Characteristically, Saito tells us, “A prime example of a locking technology is nuclear power”; a technology that more and more recognize must play a crucial role in tackling both climate change and air pollution.

Yet one might ask for someone committed to the democratization of production: Who is Saito to determine ahead of time which technologies are “open” and which are not? In this, he shares the creeping impulse of other degrowth thinkers to declare ahead of democratic deliberation that some forms of production are “necessary” and others “less unnecessary.” But that’s not up to academic ecostrategists.

With respect to Saito’s retconning of the Marxist tradition, we must interrogate the evidence he presents for Marx’s abandonment of traditional historical materialism and its description of the necessity of the development of the productive forces. The answer is: very little. He points to a passage from Marx’s preface to Capital where he only speaks of “the capitalist mode of production, and the relations of production that correspond to it” for the notable absence of the inclusion of the productive forces (Saito would suggest Marx now believes the latter are subsumed in the social relations of capital).

This is indeed in contrast to the famous 1859 preface in which the relations and forces of production are seen as two distinct concepts. Yet, if Saito believes this is evidence Marx abandoned the 1859 view, why does Marx later in Capital quote the 1859 preface itself in a footnote calling it “my view”?

In the footnote, Marx does excise mention of the productive forces, but later in Capital he often affirms their centrality to a socialist future. In Chapter 24, he discusses how capitalists tend to “spur the development of society’s productive forces, and the creation of those material conditions of production which alone form the real basis for a higher form of society in which the free and full development of every individual forms the ruling principle.”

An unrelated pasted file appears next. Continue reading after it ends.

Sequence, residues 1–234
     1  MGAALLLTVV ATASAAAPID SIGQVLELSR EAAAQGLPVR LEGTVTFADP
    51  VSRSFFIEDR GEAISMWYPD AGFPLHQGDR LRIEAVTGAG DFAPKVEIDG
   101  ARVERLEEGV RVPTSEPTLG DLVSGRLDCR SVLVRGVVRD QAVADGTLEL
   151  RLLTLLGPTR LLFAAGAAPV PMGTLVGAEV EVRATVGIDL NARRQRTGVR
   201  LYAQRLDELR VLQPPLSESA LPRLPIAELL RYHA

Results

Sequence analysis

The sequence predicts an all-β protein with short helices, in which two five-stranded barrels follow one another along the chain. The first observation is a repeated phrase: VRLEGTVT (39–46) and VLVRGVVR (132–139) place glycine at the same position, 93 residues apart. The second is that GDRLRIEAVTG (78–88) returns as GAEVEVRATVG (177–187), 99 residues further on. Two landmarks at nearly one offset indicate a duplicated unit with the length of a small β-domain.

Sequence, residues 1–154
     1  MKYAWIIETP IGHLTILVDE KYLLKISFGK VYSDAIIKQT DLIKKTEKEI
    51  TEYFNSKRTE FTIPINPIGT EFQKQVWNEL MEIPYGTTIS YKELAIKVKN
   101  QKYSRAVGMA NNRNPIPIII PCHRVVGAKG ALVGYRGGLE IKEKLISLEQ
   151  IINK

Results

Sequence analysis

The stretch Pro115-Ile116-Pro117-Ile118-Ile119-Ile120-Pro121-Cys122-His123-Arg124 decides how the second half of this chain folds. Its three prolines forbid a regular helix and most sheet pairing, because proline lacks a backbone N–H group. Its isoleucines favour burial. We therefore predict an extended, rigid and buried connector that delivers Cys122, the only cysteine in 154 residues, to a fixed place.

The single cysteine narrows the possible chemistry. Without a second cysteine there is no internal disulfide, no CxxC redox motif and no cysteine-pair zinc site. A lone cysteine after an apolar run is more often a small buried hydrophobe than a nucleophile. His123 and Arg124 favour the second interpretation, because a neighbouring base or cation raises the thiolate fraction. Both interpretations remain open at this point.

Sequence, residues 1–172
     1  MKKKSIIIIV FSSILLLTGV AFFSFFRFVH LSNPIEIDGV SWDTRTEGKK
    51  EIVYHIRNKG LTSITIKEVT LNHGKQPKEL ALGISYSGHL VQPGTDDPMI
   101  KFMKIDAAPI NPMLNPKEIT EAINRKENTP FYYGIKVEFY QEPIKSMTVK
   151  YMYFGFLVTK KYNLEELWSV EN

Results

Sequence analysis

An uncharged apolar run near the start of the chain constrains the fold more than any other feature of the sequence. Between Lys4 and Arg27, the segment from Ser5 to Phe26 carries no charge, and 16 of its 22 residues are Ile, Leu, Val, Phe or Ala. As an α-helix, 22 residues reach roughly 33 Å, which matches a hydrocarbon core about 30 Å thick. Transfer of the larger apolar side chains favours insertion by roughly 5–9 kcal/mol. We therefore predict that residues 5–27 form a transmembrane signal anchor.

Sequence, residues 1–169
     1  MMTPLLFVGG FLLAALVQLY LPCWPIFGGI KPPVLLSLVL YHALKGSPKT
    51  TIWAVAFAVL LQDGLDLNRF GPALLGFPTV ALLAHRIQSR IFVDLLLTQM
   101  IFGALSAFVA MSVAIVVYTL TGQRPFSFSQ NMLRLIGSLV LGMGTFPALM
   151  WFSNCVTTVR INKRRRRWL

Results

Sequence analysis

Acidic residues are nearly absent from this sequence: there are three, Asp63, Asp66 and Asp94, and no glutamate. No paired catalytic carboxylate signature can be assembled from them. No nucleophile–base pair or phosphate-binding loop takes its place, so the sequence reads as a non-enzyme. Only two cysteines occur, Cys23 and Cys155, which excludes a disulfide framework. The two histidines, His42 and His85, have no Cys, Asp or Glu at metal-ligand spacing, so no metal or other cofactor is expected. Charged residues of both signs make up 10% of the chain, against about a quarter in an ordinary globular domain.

Leapfrogging Capitalism

Yet Saito’s most prominent argument is not that Marx abandoned historical materialism in Capital, but rather after its publication into the 1870s he became a “degrowth communist.” Again, the evidence he presents for this is incredibly thin, or as another review put it more stridently, “There is, to put it bluntly, no basis for these claims.”

One can simply turn to the Critique of the Gotha Program, published as late as 1875, to see Marx continuing to articulate firmly classical visions of historical materialism. Marx claims that communism can only be understood as it “emerges from capitalist society; which is thus in every respect, economically, morally, and intellectually, still stamped with the birthmarks of the old society from whose womb it emerges.” Later Marx famously declares,

In a higher phase of communist society . . . after the productive forces have also increased with the all-around development of the individual, and all the springs of co-operative wealth flow more abundantly — only then then can the narrow horizon of bourgeois right be crossed in its entirety and society inscribe on its banners: From each according to his ability, to each according to his needs!

Note that Marx keeps saying “only” after the productive forces are developed is communism possible.

So what is Saito’s evidence? There are a series of passages from texts from the fields of geology, botany, and agronomy that Marx copied into notebooks demonstrating a growing concern about loss of soil fertility, but the bulk of Saito’s claims is based upon a single letter from Marx to a Russian socialist, Vera Zasulich, near the end of his life in 1881, and upon his wider study of the Russian agricultural communes or mir systems.

Whenever studying a new topic, whether in school, at university, or independently, one takes notes in a notebook, often transcribing large sections of another article or book that are of interest or important to remember. The process of this transcription is both an aide mémoire (for writing assists in the retention of facts) and a resource to be used later on. But it cannot be said that mere transcription is an endorsement of what is transcribed.

Yet Saito repeatedly posits Marx’s note-taking from these fields as proof of Marx’s endorsement with very little commentary directly from Marx himself supplementary to the transcriptions that might support such a claim. In the absence of Saito providing such supplementary commentary (or readers taking considerable time to read the notebooks for themselves, in their various languages), how can we know whether there is any such endorsement at all?